"Let me show you," says Illa, pointing to a central stone in the ancient wall. There, too, faded but visible, is a picture of a red llama. Matos notes the archeological and cultural importance. The fact of the drawings clearly marks the place as sacred.


Speaking mostly in Quechua, Lucio Illa tells us the story. He knows the Inka road of his district well. Along the road, which he describes with reverence, he knows of several tambos. To him, the road is sacred, it is alive, and everything about it is to be respected, protected. "See here," he says, pointing out where the painted stone has been disturbed. "Thieves. They come in the night and try to pry it loose," he explains, his countenance troubled, then a smile. "But the llamas and the sheep squeal in the night. So we fight off the thieves, and more than once."


Beyond the mutual respect, he has a strong concern. "Friends," he says, "what can we do to protect this sacred thing?"


He has requested help from the National Institute of Culture, which is charged with such a task, but they are not forthcoming, perhaps overextended. This whole region of Peru is replete with countless ruins -- remnants of many peoples and several civilizations, of which the Inka were but the last, in place at the coming of the Spanish advance.


So Lucio Illa has taken it upon himself, along with other members of his community, to defend the country's patrimony. "The last time," he says, "the thieves were armed. We worry for our safely but still, we are on guard."


Later, at the patio of his Andean homestead, over a meal of boiled potatoes and the large-kernel corn found only in this region, Lucio notes my long hair. Up to the time of his grandfather, when he was a young boy, he recalls that the men of his community wore their hair long. "Not just to the shoulders," he says, 'but long to the waist." Everyone then dressed in dark clothes and performed ceremonies to the mountain authority spirits, called "apus," and to the "Pachamama," the Mother Earth. It was the military that made the men all shave their heads. Then, the evangelical cults came in, dividing the community so that not only thieves threaten the patrimonial sites, but the cults as well. Charging that the petroglyphs are the work of the Devil, the cults would try to erase or destroy them. He would like to carry on with his traditional dress, Lucio complains, but many of the converted ridicule it and attack the traditionally-minded for "backwardness and idolatry."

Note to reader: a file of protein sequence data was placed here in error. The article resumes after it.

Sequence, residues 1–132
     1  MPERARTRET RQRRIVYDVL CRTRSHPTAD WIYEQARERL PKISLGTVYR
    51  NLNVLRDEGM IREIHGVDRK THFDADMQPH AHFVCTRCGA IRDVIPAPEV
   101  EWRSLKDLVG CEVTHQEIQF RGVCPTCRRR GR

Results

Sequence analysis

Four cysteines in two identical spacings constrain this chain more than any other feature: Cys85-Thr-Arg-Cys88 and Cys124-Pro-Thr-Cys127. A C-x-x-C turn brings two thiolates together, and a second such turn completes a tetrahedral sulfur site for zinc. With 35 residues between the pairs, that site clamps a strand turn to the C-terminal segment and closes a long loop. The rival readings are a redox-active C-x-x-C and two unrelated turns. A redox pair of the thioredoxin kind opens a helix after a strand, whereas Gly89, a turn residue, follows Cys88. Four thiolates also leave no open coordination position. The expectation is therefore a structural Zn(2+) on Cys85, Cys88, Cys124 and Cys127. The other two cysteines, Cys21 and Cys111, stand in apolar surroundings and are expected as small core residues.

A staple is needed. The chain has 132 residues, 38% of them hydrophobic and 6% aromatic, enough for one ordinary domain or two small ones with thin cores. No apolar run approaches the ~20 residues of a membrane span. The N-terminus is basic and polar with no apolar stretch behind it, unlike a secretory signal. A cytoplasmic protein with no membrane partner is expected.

Still, he says, "I continue to carry out my ceremonies. We make our payment to the Pachamama. We will defend the legacy of our ancestors."


Matos wonders about where the nearby Inka road is leading. "The Inka road always leads to Cuzco," Illa replies. "Of course," says Matos, "the navel of the world." Matos smiles, nodding in recognition and appreciation. It is his method, and the museum's, to seek the knowledge of the indigenous people of a place. "You might read the reports and never know a tambo existed here," he says. "But you see, this man knows his land. He knows what is here more than any so-called academic expert."


The boy walks by with another young cousin, slingshots in hand, lively faces full of mischief. "Will the next generation carry on the ancient culture," we wonder.


"I teach them that they should," Lucio responds. "It’s not easy, but we mean to continue in that way."


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I find it such a shame that Indigenous people have been treated as 2nd-rate in there own land. It's great to see them holding on to their own traditions.

Nice post .Very informative .